An American sitcom that aired on NBC from 1991 to 1993
, about a family (named The Torkelsons
) living in Pyramid Corners, Oklahoma. Deeply in debt after divorcing her husband, Millicent takes on a boarder to help make ends meet. Millicent has five children, but the one that recieved the most focus was the eldest, Dorothy Jane, a young dreamer who wishes for a better life.
Never a ratings success, NBC miraculously renewed the show for a second season, but it was given a Re Tool
, having the family move to Seattle so Millicent could work as a live-in nanny, with the show's name being changed to Almost Home
. These changes didn't help the show much, and this time, NBC axed it. The series then played in reruns on the Disney Channel
for the rest of the decade.
- Chuck Cunningham Syndrome: When the family moved to Seattle and the show's name changed to Almost Home, Steven Floyd and Ruth Ann evidely got left behind in Oklahoma and were never spoken of again.
- As well as their boarder, Wesley Hodges. Justified in that he wasn't a family member, but rather just a tenant renting out the basement.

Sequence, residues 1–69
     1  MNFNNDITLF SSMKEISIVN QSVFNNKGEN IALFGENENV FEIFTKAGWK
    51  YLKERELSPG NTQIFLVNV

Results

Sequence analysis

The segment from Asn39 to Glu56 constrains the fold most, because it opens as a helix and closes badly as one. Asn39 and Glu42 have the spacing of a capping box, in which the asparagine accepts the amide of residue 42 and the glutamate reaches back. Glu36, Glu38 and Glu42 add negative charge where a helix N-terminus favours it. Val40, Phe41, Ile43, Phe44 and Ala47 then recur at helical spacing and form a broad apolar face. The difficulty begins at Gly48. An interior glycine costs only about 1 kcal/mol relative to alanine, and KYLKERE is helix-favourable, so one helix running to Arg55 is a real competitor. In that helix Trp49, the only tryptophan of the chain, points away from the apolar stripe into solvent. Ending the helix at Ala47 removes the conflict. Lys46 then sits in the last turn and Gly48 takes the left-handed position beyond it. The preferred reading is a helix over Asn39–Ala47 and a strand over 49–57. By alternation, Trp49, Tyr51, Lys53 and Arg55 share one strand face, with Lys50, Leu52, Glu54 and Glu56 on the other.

- Crack Defeat: Dorothy Jane Torkelson is in the finals of a contest whose winner will get to be a foreign exchange student in Paris. Her family situation gets high marks, and the judges do seem to like her... but still loses anyway because the family in France wanted a boy. Thus making the finals completely meaningless since there was only one boy out of the three finalists.
- Global Ignorance: In the first episode of Almost Home, Molly mistakenly states that the Torkelsons are from Arkansas, only to be corrected by Gregory, leading to a Shout-Out.
- The Man in the Moon: Dorothy Jane often sits outside her window talking about her various concerns with "The Man In The Moon" as a means of thinking out loud (the fact that it also served to keep the audience updated on what she was thinking was a nice bonus).
- New Season, New Name: As a result of the Re Tool that also had the family (sans two of the kids) moving to Seattle, Washington.
- Shout-Out: What's the difference between Arkansas and Oklahoma? One's a musical.